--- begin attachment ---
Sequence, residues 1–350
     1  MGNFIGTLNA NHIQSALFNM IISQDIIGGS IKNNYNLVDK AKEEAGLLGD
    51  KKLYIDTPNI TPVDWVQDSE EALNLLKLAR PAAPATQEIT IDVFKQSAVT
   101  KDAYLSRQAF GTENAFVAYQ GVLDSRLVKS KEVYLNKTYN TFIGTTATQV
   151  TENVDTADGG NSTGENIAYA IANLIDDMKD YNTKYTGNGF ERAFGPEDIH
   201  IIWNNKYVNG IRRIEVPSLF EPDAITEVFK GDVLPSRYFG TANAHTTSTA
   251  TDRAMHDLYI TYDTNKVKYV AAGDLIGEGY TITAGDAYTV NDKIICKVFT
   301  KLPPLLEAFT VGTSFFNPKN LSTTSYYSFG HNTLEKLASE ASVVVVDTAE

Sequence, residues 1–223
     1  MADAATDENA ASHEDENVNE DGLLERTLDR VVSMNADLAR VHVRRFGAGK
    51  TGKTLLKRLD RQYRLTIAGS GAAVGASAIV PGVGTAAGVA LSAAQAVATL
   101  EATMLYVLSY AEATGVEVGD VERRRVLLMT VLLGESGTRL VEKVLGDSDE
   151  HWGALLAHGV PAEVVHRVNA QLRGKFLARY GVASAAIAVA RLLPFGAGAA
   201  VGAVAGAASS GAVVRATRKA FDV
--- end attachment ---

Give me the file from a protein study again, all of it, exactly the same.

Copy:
Sequence, residues 1–350
     1  MGNFIGTLNA NHIQSALFNM IISQDIIGGS IKNNYNLVDK AKEEAGLLGD
    51  KKLYIDTPNI TPVDWVQDSE EALNLLKLAR PAAPATQEIT IDVFKQSAVT
   101  KDAYLSRQAF GTENAFVAYQ GVLDSRLVKS KEVYLNKTYN TFIGTTATQV
   151  TENVDTADGG NSTGENIAYA IANLIDDMKD YNTKYTGNGF ERAFGPEDIH
   201  IIWNNKYVNG IRRIEVPSLF EPDAITEVFK GDVLPSRYFG TANAHTTSTA
   251  TDRAMHDLYI TYDTNKVKYV AAGDLIGEGY TITAGDAYTV NDKIICKVFT
   301  KLPPLLEAFT VGTSFFNPKN LSTTSYYSFG HNTLEKLASE ASVVVVDTAE

Sequence, residues 1–223
     1  MADAATDENA ASHEDENVNE DGLLERTLDR VVSMNADLAR VHVRRFGAGK
    51  TGKTLLKRLD RQYRLTIAGS GAAVGASAIV PGVGTAAGVA LSAAQAVATL
   101  EATMLYVLSY AEATGVEVGD VERRRVLLMT VLLGESGTRL VEKVLGDSDE
   151  HWGALLAHGV PAEVVHRVNA QLRGKFLARY GVASAAIAVA RLLPFGAGAA
   201  VGAVAGAASS GAVVRATRKA FDV